Let’s say you’re in a bar, and Sawyer Fredericks and Nick Fradiani walk into that bar. Would you notice, or even look up from your drink?

Probably not. And that’s why televised singing competitions are in trouble.

Fredericks won “The Voice” this week, and earlier this month, Fradiani became the latest winner of “American Idol.” You’re forgiven if their names don’t ring a bell. It’s been awhile since any “Idol” winners have registered outside of the show, and “The Voice,” somewhat infamously, has yet to mint a single star during its eight-season run (though it has done plenty for the careers of its judges, particularly Adam Levine and Blake Shelton).

The fatigue is showing. This week’s “Voice” finale was its lowest-rated to date, and “Idol’s” finale suffered a similar fate. The “Idol” finisher drew about 7.7 million viewers, according to Nielsen figures, down sharply from last year’s 10.2 million and off a whopping 80 percent from the 38.1 million viewers who tuned into to watch Ruben Studdard take on Clay Aiken in the series’ highest rated finale in 2003.

Fox has taken notice of the erosion and has pulled the plug on “Idol,” its one-time ratings Death Star. (“Idol” was consistently the most-watched program on television from 2003 to 2011.) The next season will be the show’s last, a final bow for judges Jennifer Lopez, Keith Urban and Harry Connick Jr., not to mention Ryan Seacrest, who has been there since the beginning and who could die from the shock of suddenly having some free time on his hands (just kidding, he’s probably already lined up four new gigs).

It’s the end of an era, and the winding down of the televised singing competition boom that kicked off with “Idol’s” summer 2002 debut. “X Factor” has already come and gone (and left us with Fifth Harmony, which is more than “The Voice” ever gave us), and shows like “Rock Star,” “Duets” and “Rising Star” are forgotten footnotes or trivia questions for reality TV obsessives. (Fun fact: Miranda Lambert was the second runner-up on the first season of “Nashville Star.”)

The problem with the shows was there just weren’t that many undiscovered talents waiting for the bright lights to come find them. “American Idol” did its job that first season when it plucked Kelly Clarkson out of her waitress gig at a Burleson, Texas, comedy club; it could have ended right there and walked off into the sunset. Over the years several other stars emerged, including Carrie Underwood (Season 4) and Adam Lambert (Season 8), but as the talent dwindled, so did ratings and overall interest.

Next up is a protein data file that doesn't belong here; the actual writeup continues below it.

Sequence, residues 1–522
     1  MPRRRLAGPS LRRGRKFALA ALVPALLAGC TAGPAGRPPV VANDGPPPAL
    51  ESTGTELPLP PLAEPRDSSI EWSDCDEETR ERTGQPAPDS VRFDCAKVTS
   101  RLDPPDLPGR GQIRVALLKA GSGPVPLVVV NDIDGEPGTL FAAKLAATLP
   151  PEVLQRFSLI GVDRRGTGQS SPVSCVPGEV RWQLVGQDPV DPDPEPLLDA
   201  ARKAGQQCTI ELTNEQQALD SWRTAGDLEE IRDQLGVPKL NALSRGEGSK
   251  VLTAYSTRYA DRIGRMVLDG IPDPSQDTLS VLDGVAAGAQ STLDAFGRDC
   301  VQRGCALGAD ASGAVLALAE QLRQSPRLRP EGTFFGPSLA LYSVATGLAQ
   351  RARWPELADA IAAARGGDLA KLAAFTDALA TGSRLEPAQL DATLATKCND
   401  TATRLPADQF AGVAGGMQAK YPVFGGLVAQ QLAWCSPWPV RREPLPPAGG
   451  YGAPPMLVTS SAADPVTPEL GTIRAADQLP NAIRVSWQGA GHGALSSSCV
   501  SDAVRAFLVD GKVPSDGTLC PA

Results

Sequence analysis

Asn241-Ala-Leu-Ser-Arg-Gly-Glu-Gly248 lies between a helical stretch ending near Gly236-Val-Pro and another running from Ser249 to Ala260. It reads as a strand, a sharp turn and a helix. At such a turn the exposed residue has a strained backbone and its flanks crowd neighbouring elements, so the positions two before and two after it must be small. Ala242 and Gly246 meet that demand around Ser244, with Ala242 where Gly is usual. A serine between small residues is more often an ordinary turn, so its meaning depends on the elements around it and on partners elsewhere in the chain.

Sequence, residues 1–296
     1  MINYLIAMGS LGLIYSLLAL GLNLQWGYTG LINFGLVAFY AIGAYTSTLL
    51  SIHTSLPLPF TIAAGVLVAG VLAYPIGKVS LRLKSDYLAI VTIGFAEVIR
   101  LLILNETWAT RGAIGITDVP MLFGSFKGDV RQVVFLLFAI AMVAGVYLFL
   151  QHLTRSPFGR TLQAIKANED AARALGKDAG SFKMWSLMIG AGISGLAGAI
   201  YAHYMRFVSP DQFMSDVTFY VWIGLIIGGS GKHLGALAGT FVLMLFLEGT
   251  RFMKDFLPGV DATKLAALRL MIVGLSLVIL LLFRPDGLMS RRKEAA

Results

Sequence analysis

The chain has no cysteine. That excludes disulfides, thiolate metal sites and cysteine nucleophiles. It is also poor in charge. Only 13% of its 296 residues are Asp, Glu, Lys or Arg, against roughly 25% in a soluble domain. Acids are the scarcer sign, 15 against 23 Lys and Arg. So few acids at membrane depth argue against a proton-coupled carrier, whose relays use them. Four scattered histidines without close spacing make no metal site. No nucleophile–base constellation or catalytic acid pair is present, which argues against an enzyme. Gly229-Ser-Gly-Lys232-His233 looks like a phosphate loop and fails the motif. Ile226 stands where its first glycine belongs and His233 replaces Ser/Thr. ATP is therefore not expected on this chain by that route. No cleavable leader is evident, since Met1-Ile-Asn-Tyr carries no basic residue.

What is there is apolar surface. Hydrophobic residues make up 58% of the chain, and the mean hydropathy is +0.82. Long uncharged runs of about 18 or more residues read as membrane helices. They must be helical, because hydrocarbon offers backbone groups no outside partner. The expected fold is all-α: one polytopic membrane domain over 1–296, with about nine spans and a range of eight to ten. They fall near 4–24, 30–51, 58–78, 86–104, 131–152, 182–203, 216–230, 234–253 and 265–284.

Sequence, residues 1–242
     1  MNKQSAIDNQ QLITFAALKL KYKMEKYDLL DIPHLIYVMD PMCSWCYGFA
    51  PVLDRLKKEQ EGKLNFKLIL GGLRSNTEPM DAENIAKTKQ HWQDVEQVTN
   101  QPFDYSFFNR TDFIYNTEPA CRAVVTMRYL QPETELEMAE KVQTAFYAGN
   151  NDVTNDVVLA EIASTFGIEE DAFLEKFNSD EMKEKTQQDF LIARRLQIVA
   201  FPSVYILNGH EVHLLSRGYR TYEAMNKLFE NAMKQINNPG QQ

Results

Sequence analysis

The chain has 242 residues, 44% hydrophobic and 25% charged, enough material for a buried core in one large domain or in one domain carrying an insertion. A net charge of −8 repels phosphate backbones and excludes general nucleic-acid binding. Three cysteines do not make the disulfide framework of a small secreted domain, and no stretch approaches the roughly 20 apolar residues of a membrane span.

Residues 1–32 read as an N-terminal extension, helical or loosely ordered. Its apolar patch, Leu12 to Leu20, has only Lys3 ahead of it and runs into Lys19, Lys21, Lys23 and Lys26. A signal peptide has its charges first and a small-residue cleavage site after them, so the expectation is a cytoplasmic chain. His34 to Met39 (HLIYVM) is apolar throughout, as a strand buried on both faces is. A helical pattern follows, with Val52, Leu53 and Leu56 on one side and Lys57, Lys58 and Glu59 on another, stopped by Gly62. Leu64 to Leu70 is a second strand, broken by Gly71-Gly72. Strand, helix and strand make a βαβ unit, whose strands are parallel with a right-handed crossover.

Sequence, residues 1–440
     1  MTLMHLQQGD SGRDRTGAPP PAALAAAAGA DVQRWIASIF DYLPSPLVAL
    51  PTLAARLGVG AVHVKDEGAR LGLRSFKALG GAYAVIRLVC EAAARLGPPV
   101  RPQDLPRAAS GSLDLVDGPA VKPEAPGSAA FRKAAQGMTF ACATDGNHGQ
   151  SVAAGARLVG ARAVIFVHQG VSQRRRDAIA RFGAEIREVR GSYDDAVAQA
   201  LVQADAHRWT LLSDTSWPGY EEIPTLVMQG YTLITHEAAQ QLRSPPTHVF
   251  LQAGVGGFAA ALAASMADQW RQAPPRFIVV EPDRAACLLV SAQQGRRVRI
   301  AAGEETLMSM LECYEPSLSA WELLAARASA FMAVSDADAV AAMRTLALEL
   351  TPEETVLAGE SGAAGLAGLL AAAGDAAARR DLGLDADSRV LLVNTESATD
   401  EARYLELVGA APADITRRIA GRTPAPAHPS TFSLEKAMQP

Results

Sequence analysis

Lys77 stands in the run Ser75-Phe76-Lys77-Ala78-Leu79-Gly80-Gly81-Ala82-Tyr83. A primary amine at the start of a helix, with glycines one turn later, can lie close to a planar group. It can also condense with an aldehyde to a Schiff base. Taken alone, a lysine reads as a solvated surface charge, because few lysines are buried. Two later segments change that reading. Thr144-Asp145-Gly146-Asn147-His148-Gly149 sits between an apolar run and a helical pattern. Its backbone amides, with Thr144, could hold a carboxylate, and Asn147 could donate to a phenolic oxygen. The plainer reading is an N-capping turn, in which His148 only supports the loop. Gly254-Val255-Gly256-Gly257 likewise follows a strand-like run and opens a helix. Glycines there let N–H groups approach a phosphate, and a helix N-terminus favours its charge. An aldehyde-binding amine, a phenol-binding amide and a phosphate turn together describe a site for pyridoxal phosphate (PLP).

Other shows were left to pick at the scraps of what “Idol” left behind, and there wasn’t enough there to sustain an entire genre. The judges then became the draw, but without interesting singers in front of them, they were reduced to sideshows. Just look at the Nicki Minaj-Mariah Carey fiasco from “Idol’s” disastrous 12th season. So the craze hit its breaking point, and here we are.

The same thing happened with the game-show explosion that followed “Who Wants to Be a Millionaire?” and the reality bonanza set off by “Survivor” (which, amazingly, is still surviving). “Idol” combined elements of both and wed it to an old-school singing format. It was a hit because it was a fresh spin on the “Star Search” template, and its audience interactivity made everyone at home feel like participants (and even experts). And it had an excellent villain in the acid-tongued Simon Cowell, whose stinging barbs made for deliciously catty viewing. Like the Joker in “The Dark Knight,” the bad guy became the star of the show.

But “Idol” was never meant to last forever, and “The Voice” likely won’t last much longer. They’ll disappear for five or 10 years and retool only to be resurrected for fresh audiences, because in reboot culture, nothing stays dead for long. The only question is if Seacrest will return to host — or if the winners will be worth looking up from your drink to notice.

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